The positivity off the weekend’s news that Spain’s banks will receive rescue loans of up to 100 billion euros from eurozone finance ministers appears short-lived.
Despite it being well-received in Asian markets the expected bounce has not been repeated on European and US market.
All eyes are now on the EU. The intervention for Spain’s banks was expected and in a certain sense inevitable. Some IMF estimates leaked on Friday indicate that the Spanish banking system requires a capital injection of about 40 billion euros.
Estimates by ratings agency Fitch and other institutions place the number somewhere between 50 billion and 100 billion euros.
Given the size of the Spanish economy, these numbers are not particularly large (less than 10% of Spanish GDP). However, it is obvious that in the present situation, the Spanish government has very little chance to mobilise any capital, hence the need for EU intervention to prevent an escalation of the crisis.
In fact, if the Spanish banking system were to collapse, other countries might be heavily affected. Signs of weaknesses in the European banking systems are already evident from the growing share of non-performing loans in several countries, including Germany and Italy.
In this environment, the Spanish crisis could quickly spiral out of control and infect other countries, thus leading to a Euro-wide banking crisis which would probably mark the end of the euro as a currency.
The details of the rescue plan are still undisclosed. However, in exchange for financial support, the EU might require the Spanish government to undertake a set of actions, even though the extent of this conditionality should not be as tight as it was for other countries such as Greece.
Most likely, Spain will be required to work on new pension reforms, a restructuring of its very large civil service (which counts about three million employees when total employment is less than 18 million people and total population is 45 million), further fiscal consolidation and reforms of the governance of the banking sector in order to reduce political interference in board decisions.
Can the EU deliver?
Over the past few weeks, criticisms against the EU have been raised in political, diplomatic, and economic circles. In particular, the sentiment is that the EU has been unable, or perhaps unwilling, to provide adequate responses to the crisis that has hit its peripheral countries.
This “shyness” in tackling the problems has undermined investors and markets’ confidence, thus making it very difficult for the peripheral countries to mobilise affordable fiscal finance.
In this regard, the announcement of the EU intervention in support of Spanish banks comes as very good news and might suggest that the negative sentiment towards the EU actions is somewhat exaggerated.
Furthermore, as a partial justification of EU actions, one should stress that the current economic and financial problems in the peripheral countries are rooted in structural weaknesses that are primarily the responsibility of national governments.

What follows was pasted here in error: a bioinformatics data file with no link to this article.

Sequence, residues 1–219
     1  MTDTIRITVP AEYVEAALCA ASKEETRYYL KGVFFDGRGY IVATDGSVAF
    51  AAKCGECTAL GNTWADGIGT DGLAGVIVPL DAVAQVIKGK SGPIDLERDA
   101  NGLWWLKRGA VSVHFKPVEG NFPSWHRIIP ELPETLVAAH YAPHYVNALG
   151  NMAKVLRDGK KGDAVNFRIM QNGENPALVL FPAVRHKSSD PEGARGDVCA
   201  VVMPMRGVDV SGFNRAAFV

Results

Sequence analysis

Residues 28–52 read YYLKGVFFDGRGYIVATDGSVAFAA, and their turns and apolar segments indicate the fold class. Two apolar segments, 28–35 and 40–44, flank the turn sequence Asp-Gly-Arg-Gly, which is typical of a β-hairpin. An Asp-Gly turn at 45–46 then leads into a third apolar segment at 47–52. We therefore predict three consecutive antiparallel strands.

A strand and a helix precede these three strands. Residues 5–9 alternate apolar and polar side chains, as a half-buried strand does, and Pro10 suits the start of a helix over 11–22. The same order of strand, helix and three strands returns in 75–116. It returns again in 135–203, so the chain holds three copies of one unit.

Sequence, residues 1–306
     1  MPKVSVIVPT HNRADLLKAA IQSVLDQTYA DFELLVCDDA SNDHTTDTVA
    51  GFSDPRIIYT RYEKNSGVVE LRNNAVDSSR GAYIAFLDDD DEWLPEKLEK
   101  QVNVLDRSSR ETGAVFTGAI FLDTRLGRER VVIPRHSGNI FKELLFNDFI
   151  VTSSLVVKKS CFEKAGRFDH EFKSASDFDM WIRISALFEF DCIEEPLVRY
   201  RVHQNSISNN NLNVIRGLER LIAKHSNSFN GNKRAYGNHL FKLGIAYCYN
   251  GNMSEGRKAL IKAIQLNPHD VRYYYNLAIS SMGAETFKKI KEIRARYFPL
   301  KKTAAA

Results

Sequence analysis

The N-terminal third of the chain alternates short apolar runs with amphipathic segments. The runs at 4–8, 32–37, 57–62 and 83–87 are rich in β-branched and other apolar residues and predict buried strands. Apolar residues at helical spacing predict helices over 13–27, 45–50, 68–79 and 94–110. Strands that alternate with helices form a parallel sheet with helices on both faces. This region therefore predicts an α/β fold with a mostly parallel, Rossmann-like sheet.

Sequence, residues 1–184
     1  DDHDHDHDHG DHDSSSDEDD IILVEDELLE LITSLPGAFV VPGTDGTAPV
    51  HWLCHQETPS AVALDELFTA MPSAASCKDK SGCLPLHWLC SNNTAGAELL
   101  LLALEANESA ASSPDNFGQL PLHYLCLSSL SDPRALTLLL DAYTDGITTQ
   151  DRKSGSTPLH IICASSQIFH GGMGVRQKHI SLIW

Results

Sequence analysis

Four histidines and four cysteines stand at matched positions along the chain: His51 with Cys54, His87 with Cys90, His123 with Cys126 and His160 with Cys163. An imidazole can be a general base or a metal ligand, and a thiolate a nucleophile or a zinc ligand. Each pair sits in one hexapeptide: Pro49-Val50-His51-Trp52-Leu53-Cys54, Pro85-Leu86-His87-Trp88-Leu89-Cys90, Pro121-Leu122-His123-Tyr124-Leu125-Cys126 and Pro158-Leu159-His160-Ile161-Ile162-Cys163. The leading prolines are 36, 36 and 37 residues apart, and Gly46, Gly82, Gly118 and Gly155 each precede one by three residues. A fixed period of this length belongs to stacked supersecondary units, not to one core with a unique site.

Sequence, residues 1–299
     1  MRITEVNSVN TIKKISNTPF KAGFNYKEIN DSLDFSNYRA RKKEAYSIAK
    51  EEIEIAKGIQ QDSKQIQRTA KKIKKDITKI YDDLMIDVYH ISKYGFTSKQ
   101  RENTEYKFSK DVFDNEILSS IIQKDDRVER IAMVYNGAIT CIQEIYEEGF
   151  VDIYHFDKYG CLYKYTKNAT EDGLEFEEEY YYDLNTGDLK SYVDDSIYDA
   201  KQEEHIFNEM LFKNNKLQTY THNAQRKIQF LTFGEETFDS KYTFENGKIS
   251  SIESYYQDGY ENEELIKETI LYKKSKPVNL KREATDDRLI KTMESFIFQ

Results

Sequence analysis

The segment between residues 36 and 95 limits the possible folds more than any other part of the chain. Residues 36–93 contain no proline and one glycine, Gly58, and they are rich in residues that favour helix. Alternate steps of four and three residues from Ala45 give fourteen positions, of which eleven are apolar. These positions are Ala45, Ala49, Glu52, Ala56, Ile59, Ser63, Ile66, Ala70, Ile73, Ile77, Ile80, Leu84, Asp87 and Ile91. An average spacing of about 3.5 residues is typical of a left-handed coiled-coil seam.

Take Italy for instance. The debt crisis arises from the fiscal profligacy of the 1980s coupled with almost two decades of growth stagnation. It is not the EU that can undertake the reforms needed to relaunch the Italian economy. Similarly, high unemployment in Spain has been a problem since the early ‘80s and it can hardly be blamed on the EU and its policy approach.
Still, it is probably true that the current institutional architecture of the EU is a factor of vulnerability in crisis situations. The monetary union is not accompanied by a fiscal union. There is not such a thing as a European government, the EU commission being only in charge of ordinary administration in a limited number of sectors.
The process of political integration has stalled. Decisions, especially those on fiscal matters, need to go through lengthy negotiations between the governments of individual countries. The search for a consensus, or maybe just a compromise, often leads to slow and inadequate responses.
Presently, there is a fundamental conflict of views between Germany and several other countries on how the crisis should be treated. This conflict, of which the hard-nosed stance taken by German Chancellor Angela Merkel on Eurobonds is an example, is seen by many as the real “bottleneck” in EU policymaking.
In fact, blaming Merkel for the failure of the EU to provide more significant support to its Members States in financial turmoil is probably too harsh. For one thing, Merkel has already given in on a number of issues (for instance, the European Stability Mechanisms, the bail-out operations). For another, her position on some fiscal issues may be justified by her fear that moral hazard will compromise stabilisation efforts and ultimately result in the collapse of the fiscal compact.
Still, one wonders if Merkel is not missing the big picture, at least to some extent. Fiscal austerity may be necessary, but it is certainly not sufficient to get the EU out of muddy waters.
In fact, it does not look like peripheral countries can afford much more austerity these days. Recession at the periphery will eventually hit Germany.
The downgrading of some German banks last week is a sign that if the Euro area suffers, then Germany also suffers. Perhaps, if Merkel relaxed a bit her focus on the fiscal compact, then there would be less suffering for everybody.